• Close the loophole for national security and border integrity investigation. It also sends the wrong message to all law enforcement officers that racial profiling is sometimes okay.

• Prohibit profiling based on religion and national origin, which is no less an affront to the Constitution than profiling based on race and ethnicity.

• Explicitly state that the ban on racial profiling applies to data collection, intelligence activities, assessments and predicated investigations. Intelligence practices like racial mapping threaten entire communities.

• Include enforceable standards. The current guidance has no enforcement mechanism.

• Expand the racial profiling ban to all state and local law enforcement agencies that receive federal funding.
These reforms are long overdue, and will only make law enforcement more effective, and our communities safer.

Monday, December 17, 2012

Millionaire Tax Now Likely, But President Obama Wants More

In the fiscal cliff horse trading, President Obama wants a tax increase on anyone earning over $250,000. House Speaker Boehner and the Republicans? No tax increase, thank you. But now the Speaker has signaled that tax hikes on those earning over $1 million would be OK. See Fiscal Cliff Talks: GOP Poses Millionaire Tax-Rate Increase.

It’s compromise time as the fiscal cliff moved ever closer. And Mr. Boehner doubtless thinks the spending cuts he wants in return–and the need for some kind of deal–make it worthwhile. See Boehner Agrees To A Millionaire Tax–And Moves Closer To A Fiscal Cliff Deal. After all, the Bush Era cuts are expiring and there’s no patch in sight.

Semantically, perhaps a tax increase is a misnomer if the cuts simply expire. Yet these lines have long been drawn on this issue. Extensions of the Bush Era cuts for at least some seem almost inevitable, yet for who?
Some of the debate focuses on the rates themselves, including the 35% to 39.6% rate hike. But some of the provisions are harder to absorb, including the phase-out of deductions and credits. Then there’s the expiring 15% capital gain rate and the new 3.8% investment tax under Obamacare.

In his new offer, Mr. Boehner for the first time moved off the no-rate-increase stance and made the first move toward compromise. Mr. Boehner’s proposal would extend all current tax rates, but raise rates only on incomes above $1 million. Those earners would face the jump from the current high of 35% to 39.6%.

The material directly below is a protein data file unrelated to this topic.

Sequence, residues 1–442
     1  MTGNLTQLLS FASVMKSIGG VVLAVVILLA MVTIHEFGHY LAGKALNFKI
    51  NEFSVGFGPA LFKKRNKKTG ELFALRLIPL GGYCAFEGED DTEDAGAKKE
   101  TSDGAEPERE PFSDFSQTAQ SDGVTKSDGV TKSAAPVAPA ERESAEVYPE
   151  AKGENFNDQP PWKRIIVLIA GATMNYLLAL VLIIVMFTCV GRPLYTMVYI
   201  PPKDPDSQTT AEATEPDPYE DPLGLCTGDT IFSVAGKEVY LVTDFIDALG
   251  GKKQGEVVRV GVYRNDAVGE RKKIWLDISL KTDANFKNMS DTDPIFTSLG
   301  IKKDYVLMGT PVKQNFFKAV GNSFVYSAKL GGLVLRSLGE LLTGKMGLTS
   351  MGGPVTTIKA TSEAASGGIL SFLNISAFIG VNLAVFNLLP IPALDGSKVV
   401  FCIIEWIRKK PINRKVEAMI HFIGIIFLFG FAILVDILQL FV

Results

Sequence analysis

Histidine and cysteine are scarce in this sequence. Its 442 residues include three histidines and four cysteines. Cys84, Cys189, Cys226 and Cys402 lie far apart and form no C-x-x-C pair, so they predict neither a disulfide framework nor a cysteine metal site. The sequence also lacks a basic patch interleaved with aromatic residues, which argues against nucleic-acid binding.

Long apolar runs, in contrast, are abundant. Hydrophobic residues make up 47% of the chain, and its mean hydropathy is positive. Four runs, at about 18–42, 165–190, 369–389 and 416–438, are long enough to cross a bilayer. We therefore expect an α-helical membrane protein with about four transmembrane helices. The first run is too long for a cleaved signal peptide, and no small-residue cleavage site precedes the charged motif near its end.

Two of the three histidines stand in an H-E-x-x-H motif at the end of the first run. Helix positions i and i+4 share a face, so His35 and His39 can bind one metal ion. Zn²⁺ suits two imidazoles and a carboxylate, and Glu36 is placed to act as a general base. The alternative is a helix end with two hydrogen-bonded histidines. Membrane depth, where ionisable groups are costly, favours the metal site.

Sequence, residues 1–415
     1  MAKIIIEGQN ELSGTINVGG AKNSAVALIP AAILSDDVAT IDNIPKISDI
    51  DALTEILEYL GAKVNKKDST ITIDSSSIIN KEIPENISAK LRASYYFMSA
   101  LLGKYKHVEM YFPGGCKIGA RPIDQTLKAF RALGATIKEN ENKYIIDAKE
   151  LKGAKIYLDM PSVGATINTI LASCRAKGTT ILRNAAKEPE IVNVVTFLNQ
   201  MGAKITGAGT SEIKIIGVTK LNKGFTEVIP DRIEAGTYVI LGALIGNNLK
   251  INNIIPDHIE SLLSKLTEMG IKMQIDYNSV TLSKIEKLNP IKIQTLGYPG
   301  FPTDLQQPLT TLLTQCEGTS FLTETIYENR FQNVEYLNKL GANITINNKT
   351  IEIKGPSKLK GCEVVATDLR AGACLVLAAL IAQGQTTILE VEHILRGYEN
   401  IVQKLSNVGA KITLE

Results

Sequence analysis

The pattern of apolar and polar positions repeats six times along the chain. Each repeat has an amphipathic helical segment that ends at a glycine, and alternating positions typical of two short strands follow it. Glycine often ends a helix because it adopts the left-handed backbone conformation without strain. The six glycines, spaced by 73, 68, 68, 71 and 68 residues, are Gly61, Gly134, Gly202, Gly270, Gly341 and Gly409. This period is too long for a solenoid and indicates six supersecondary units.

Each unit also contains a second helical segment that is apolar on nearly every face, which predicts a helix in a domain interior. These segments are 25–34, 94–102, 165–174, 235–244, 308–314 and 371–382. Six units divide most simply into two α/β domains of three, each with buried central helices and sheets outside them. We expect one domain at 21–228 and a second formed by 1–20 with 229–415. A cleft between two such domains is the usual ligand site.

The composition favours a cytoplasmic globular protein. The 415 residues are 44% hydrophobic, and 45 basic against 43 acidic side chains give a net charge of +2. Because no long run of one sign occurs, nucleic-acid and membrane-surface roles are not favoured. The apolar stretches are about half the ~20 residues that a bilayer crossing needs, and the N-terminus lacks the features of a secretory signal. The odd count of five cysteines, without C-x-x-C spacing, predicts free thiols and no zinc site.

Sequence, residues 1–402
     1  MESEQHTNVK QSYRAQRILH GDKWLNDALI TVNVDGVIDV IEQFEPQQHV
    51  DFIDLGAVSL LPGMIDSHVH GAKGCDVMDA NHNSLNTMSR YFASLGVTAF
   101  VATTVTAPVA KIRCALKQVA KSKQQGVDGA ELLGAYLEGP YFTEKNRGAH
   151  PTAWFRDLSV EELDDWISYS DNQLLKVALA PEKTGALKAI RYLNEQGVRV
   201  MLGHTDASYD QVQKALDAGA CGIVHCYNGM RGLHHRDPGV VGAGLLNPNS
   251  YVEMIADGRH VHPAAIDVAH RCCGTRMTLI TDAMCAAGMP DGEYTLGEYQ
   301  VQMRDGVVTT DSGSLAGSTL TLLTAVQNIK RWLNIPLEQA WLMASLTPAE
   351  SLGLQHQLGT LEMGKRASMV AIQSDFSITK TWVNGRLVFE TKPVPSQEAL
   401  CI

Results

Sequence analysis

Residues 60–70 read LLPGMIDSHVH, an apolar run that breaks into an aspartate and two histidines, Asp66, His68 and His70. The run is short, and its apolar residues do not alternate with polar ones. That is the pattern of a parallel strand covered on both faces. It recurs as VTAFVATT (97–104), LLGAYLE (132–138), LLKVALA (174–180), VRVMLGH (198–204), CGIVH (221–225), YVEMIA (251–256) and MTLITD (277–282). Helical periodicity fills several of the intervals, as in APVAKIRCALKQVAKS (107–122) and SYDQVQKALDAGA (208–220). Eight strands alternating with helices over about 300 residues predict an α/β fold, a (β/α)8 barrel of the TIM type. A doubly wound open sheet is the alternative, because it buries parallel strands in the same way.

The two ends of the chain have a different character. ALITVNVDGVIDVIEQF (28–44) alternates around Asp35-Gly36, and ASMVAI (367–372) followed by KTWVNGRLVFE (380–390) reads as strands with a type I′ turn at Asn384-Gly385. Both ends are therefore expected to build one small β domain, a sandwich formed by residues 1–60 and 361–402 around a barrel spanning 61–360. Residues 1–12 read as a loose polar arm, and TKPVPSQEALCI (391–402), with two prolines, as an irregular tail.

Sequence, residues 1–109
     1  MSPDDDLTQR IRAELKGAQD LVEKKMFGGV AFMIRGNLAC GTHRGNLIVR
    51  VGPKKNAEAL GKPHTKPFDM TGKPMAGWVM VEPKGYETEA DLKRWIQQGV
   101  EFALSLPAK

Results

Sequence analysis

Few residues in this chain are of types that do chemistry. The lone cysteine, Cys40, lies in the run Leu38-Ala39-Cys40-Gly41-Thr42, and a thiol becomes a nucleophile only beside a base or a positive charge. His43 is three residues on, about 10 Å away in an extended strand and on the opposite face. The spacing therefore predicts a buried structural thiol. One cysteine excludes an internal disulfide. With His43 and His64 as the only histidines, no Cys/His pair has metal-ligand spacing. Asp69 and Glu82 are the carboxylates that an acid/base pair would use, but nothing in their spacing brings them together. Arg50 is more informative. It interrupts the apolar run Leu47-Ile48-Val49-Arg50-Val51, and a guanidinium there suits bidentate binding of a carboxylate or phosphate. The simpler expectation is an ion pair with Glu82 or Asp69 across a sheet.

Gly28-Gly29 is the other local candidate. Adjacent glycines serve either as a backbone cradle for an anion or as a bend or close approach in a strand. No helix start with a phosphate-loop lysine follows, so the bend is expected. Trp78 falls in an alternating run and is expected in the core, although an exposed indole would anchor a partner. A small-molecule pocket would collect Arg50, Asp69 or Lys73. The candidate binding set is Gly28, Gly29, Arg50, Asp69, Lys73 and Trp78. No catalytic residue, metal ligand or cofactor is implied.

But Mr. Boehner expects spending cuts to the tune of at least $1 trillion, and at least some of those cuts would come from entitlement programs such as Medicare. Some savings would come from closing certain tax loopholes and limiting deductions. More compromises are likely on the way.

But tax increases now seem quite likely for those earning over $1 million, with top rates jumping from 35% to 39.6% in January. As for long term capital gains, the current 15% rate jumps to 23.8% January 1, wrought from a combination of the new 20% rate plus the 3.8% health care add on that will hit most with incomes above $200,000.

There is no deal yet, of course, but the fact that Mr. Boehner has moved off the no-increase platitude suggests there will be a compromise. Mr. Obama may not get all he wants, and his $250,000 threshold may not hold. Mr. Boehner’s $1 million benchmark may not either. But this may be the first positive sign that it may not be too late for a deal.

Robert W. Wood practices law with Wood LLP, in San Francisco. The author of more than 30 books, including Taxation of Damage Awards & Settlement Payments (4th Ed. 2009 with 2012 Supplement, Tax Institute), he can be reached at This discussion is not intended as legal advice, and cannot be relied upon for any purpose without the services of a qualified professional.

Monday, December 3, 2012

Obama salutes entertainers at Kennedy Center Honors

Music legend Led Zeppelin was recognized on Sunday alongside entertainers from stage and screen for their contributions to the arts and American culture at the Kennedy Center Honors, lifetime achievement awards for performing artists.

The eclectic tribute in Washington, alternated between solemn veneration and lighthearted roasting of honorees Academy Award-winning actor Dustin Hoffman, wisecracking late-night talk show host David Letterman, blues guitar icon Buddy Guy, ballerina Natalia Makarova and Led Zeppelin.